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Store Fruit – Sometimes Together, Mostly Separately

It should be five servings of fruit a day. But always only apples and bananas are monotonous in the long run. So a colorful basket is preferred, with fruits from the region and from further afield. Looks nice, but is not always ideal for freshness.

Stone fruit together in the fridge

Stone fruit is only good at room temperature if it is eaten soon because heat spoils it quickly. Otherwise, the fruit compartment in the refrigerator is ideal for a flat-sharing community, including the following varieties:

  • apricots
  • cherries
  • nectarines
  • peaches

Do not store apples with other fruit

Apples and bananas are two popular fruits that are often stored together. Apples, however, give off a ripening gas that causes fruit and vegetables to ripen faster. This significantly shortens the shelf life. Apples are therefore always stored separately and further away from other types of fruit.

Sometimes, however, the ripening gas from the apples is quite useful. For example, when the bananas are still quite green. Store them next to apples for a day or two so they’ll be ready to eat faster.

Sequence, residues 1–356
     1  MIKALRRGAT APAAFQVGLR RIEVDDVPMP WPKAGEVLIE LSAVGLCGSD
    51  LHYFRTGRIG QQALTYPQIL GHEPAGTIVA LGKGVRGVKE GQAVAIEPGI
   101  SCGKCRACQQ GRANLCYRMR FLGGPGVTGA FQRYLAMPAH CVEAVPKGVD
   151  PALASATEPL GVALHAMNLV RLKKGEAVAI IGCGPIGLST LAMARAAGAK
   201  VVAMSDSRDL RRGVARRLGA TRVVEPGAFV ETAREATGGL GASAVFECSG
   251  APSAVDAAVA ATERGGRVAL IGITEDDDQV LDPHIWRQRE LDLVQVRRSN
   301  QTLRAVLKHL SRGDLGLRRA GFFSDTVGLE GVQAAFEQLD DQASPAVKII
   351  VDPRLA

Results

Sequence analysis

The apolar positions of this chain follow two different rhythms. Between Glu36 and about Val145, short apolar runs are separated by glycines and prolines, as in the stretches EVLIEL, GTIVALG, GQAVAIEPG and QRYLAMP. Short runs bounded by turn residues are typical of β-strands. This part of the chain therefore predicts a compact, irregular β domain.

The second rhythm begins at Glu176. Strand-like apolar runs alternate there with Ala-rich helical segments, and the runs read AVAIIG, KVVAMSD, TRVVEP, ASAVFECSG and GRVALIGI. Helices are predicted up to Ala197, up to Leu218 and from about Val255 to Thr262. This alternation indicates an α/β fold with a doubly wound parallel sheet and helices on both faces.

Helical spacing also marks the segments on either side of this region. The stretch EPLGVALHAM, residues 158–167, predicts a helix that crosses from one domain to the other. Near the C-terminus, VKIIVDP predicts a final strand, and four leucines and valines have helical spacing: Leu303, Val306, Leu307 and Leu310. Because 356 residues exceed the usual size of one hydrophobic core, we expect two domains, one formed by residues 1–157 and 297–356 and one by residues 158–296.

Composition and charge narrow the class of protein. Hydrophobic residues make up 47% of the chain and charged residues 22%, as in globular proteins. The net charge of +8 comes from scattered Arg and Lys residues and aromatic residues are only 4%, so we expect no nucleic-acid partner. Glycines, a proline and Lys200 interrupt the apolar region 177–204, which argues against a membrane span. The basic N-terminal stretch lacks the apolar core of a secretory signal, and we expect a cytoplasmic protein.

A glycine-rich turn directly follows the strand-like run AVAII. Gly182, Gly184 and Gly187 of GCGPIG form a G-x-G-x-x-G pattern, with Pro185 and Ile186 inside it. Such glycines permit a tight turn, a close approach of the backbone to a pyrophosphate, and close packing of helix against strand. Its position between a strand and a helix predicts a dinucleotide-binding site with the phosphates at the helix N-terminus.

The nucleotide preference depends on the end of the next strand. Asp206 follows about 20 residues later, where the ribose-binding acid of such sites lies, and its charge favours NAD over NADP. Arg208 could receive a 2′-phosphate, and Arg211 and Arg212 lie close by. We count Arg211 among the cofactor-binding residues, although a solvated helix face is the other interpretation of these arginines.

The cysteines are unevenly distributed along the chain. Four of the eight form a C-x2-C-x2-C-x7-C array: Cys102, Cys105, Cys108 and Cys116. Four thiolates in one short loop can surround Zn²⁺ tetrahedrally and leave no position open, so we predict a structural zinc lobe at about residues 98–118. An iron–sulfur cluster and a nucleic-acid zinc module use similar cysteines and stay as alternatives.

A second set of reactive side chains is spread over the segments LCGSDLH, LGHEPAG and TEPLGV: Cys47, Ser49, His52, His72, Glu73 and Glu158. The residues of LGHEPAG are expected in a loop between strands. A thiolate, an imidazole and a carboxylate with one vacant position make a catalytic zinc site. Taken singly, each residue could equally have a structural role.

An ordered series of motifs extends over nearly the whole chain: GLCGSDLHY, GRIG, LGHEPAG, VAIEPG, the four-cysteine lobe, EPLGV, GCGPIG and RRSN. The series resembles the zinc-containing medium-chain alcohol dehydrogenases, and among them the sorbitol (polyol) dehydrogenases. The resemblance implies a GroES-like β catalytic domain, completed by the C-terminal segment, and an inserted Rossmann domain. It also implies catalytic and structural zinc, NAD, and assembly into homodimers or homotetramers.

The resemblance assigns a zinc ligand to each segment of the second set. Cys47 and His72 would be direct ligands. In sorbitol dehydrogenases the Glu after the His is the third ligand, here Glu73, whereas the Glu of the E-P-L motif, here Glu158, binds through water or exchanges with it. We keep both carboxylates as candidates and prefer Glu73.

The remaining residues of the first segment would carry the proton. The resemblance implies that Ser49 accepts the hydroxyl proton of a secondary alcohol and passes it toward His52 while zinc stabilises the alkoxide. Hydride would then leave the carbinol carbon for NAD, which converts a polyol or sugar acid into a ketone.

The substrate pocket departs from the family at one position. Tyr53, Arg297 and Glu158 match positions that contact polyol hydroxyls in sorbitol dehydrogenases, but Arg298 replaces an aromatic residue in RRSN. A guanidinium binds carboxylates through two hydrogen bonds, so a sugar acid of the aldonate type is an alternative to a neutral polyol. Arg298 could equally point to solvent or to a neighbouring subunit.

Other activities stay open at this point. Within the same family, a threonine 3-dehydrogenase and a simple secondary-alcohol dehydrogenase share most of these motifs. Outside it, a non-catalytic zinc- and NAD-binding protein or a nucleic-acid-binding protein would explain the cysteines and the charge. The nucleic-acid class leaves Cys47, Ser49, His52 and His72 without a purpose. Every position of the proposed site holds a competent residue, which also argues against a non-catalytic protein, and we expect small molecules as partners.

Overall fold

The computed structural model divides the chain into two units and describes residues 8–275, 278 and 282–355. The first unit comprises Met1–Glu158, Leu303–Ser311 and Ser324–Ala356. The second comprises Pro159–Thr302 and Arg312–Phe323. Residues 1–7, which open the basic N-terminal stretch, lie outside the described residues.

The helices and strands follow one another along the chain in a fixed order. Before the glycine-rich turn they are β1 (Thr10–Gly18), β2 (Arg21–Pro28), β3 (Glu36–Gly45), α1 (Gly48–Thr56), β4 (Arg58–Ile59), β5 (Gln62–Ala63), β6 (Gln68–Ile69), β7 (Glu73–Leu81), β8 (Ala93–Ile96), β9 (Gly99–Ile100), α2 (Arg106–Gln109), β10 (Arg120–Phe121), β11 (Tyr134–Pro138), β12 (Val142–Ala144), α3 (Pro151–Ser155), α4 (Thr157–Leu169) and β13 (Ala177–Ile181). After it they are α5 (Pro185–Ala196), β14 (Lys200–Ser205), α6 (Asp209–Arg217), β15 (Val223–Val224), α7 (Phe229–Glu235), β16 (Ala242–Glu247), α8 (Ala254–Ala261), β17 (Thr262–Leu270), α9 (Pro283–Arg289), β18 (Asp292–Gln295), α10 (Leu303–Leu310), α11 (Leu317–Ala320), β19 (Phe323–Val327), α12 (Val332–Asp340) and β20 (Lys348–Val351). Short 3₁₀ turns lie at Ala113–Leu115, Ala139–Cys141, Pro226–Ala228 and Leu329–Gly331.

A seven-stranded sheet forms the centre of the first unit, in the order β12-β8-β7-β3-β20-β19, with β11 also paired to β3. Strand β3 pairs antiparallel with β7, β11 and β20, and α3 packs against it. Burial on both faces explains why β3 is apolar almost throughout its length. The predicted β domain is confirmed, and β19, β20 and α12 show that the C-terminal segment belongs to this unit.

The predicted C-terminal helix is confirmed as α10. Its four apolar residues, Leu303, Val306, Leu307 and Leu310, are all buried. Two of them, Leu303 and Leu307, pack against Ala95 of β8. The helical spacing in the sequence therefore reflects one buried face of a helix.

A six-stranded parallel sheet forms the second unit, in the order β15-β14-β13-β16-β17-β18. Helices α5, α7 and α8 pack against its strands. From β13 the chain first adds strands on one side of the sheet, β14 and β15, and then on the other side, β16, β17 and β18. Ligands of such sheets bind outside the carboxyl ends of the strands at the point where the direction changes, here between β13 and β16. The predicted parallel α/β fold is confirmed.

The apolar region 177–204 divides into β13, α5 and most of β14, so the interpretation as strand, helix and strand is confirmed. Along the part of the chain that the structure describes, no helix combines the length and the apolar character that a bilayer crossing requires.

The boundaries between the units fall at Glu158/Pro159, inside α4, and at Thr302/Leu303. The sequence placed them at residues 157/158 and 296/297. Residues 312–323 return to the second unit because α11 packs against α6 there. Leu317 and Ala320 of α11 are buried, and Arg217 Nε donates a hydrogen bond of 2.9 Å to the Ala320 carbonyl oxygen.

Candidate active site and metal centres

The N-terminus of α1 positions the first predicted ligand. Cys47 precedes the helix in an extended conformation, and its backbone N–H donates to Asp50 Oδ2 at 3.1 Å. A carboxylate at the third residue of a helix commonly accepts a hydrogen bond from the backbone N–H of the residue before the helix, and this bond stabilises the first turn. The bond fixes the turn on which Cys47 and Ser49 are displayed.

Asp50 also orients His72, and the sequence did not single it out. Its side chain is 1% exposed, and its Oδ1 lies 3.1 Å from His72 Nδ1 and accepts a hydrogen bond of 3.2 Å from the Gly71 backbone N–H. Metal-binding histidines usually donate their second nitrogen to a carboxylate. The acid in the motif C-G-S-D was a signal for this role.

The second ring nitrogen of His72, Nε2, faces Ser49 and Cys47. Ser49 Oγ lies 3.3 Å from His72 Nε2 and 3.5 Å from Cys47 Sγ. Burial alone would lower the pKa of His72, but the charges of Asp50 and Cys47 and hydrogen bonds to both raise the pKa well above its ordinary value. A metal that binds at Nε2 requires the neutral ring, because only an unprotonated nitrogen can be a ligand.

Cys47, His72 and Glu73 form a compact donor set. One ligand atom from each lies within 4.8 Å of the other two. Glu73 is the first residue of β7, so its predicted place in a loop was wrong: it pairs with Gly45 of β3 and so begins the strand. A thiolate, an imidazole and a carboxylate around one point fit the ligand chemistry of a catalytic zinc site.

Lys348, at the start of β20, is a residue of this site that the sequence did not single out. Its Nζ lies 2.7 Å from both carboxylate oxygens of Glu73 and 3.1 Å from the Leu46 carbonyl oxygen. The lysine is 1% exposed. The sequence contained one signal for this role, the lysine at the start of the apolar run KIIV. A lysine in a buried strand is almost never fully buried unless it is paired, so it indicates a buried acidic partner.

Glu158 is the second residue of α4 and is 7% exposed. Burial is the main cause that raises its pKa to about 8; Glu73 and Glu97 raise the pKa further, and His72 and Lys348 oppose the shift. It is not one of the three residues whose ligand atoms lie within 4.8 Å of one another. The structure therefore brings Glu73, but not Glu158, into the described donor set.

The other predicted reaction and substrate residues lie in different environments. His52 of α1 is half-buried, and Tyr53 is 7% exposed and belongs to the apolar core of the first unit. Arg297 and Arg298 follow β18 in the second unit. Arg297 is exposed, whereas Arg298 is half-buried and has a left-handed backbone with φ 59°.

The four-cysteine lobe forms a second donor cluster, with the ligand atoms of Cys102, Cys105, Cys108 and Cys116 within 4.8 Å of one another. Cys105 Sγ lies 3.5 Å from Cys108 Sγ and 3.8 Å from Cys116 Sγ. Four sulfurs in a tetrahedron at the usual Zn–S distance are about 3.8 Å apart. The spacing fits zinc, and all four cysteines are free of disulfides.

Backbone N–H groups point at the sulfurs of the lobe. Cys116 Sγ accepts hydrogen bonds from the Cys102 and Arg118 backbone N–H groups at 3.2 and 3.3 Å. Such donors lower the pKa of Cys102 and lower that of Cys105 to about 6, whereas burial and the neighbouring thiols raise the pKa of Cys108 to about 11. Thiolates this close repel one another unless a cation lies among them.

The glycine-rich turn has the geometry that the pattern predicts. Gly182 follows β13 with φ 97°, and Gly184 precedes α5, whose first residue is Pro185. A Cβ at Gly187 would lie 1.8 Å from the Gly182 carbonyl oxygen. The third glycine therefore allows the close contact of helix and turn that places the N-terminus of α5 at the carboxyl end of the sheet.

Store tropical fruits together

Tropical fruits do not like the cold even after they have been harvested. You may store them together at room temperature. But there are two things to note:

  • they are often sensitive to pressure
  • late-ripening varieties must stand separately

Do not store the fruit on top of each other to avoid bruising. Care should be taken with mangoes, avocados, and bananas, as they give off the ripening gas ethylene. Other types of fruit nearby will ripen and spoil faster as a result.

Berry fruits are sensitive

Berries get along well with each other, but they are also extremely sensitive to pressure. That is why it is said: close yes, touch no. It is best to put each variety in its own storage container and then immediately put it in the fridge.

Separate ripe and unripe fruit

Fruits of one type of fruit can be stored together, but sometimes it makes sense to separate them. For example, if the fruit has a different degree of ripeness. The overripe specimens accelerate the ripening process of unripe fruit. The fruit may then ripen faster than it can be eaten.

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Written by Emma Miller

I am a registered dietitian nutritionist and own a private nutrition practice, where I provide one-on-one nutritional counseling to patients. I specialize in chronic disease prevention/ management, vegan/ vegetarian nutrition, pre-natal/ postpartum nutrition, wellness coaching, medical nutrition therapy, and weight management.

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